Wednesday, October 24, 2001
Union May Terminate Secretary for Supporting Ballot Measure—C.A.
By KENNETH OFGANG, Staff Writer/Appellate Courts
Federal law bars a secretary for a union local from pursuing a suit claiming she was fired for supporting a ballot initiative that the union opposed, the Fourth District Court of Appeal has ruled.
Div. Two Monday affirmed a summary judgment in favor of United Food & Commercial Workers’ Union, Local 324. The plaintiff, Nattie Thunderburk, sued the union after she was terminated, ostensibly for having written a personal memorandum on her employer’s time.
Thunderburk charged that she was really fired for supporting Proposition 226, and that her termination breached an implied contract not to terminate without good cause, the covenant of good faith implied in the employment relationship, and the public policy favoring free speech on matters of public concern.
Proposition 226, defeated at the polls in 1998, would have prohibited unions from using dues money for political purposes without the consent of each member.
At the time of her firing, Thunderburk was classified as an executive secretary, performing clerical services for union business agents.
Orange Superior Court Judge Eileen C. Moore, since elevated to the Court of Appeal, ruled that Thunderburk was a “confidential employee” of the union and could not sue under any theory based on state law. Such actions, the judge held, are preempted by the federal Labor-Management Reporting and Disclosure Act of 1959.
A number of courts have held that the LMRDA gives unions the absolute right to fire executive and confidential employees, so as not to frustrate the statute’s goal of ensuring that unions are democratically governed and responsive to their membership.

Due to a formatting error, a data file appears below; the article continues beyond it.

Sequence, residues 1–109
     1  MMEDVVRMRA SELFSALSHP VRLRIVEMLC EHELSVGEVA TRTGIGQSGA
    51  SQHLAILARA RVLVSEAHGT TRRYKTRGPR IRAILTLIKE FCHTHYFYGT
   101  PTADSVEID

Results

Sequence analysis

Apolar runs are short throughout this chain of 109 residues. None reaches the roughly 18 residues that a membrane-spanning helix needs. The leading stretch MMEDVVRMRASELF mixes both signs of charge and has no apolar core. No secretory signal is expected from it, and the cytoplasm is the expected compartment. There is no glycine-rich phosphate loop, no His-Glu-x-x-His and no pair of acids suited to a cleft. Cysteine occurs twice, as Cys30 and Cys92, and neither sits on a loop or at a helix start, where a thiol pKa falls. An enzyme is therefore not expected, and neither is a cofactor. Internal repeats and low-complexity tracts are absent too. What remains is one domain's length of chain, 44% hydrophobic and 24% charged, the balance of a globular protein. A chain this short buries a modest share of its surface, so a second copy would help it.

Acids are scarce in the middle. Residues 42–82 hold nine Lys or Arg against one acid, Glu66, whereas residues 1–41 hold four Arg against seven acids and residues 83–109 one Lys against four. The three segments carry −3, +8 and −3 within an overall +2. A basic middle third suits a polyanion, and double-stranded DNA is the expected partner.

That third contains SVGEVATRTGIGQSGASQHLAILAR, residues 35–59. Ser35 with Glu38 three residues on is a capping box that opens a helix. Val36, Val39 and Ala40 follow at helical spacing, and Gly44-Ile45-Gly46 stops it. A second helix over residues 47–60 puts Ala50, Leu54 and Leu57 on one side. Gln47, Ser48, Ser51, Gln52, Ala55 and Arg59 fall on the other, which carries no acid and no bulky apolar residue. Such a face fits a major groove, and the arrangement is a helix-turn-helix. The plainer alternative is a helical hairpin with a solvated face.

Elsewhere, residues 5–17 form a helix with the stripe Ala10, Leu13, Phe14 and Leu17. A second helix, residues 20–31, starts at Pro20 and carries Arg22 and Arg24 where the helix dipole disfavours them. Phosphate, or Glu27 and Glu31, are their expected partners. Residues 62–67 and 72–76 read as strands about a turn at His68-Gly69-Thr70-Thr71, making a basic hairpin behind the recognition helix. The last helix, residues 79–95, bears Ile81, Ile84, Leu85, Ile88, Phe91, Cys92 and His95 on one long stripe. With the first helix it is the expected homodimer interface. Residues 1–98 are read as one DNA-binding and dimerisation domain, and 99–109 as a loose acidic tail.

Justice Barton Gaut, writing Monday for the Court of Appeal, agreed with the trial judge that Thunderburk was a confidential employee. The undisputed evidence, Gaut explained, was that she had access to confidential information, including correspondence between the union and its lawyers, grievance files, officers and board members’ home addresses, death benefit files, and membership records.
“While in the instant case plaintiff did not have policymaking or management responsibilities and many of plaintiff’s job responsibilities were of a clerical, nonconfidential nature, it is undisputed that she nevertheless had access to confidential union information, which if disclosed, could have thwarted union policies and objectives,” Gaut wrote.
That was enough to classify her as a confidential employee, the jurist said.
The case is Thunderburk v. United Food & Commercial Workers’ Union, Local 324, 01 S.O.S. 5104.
Copyright 2001, Metropolitan News Company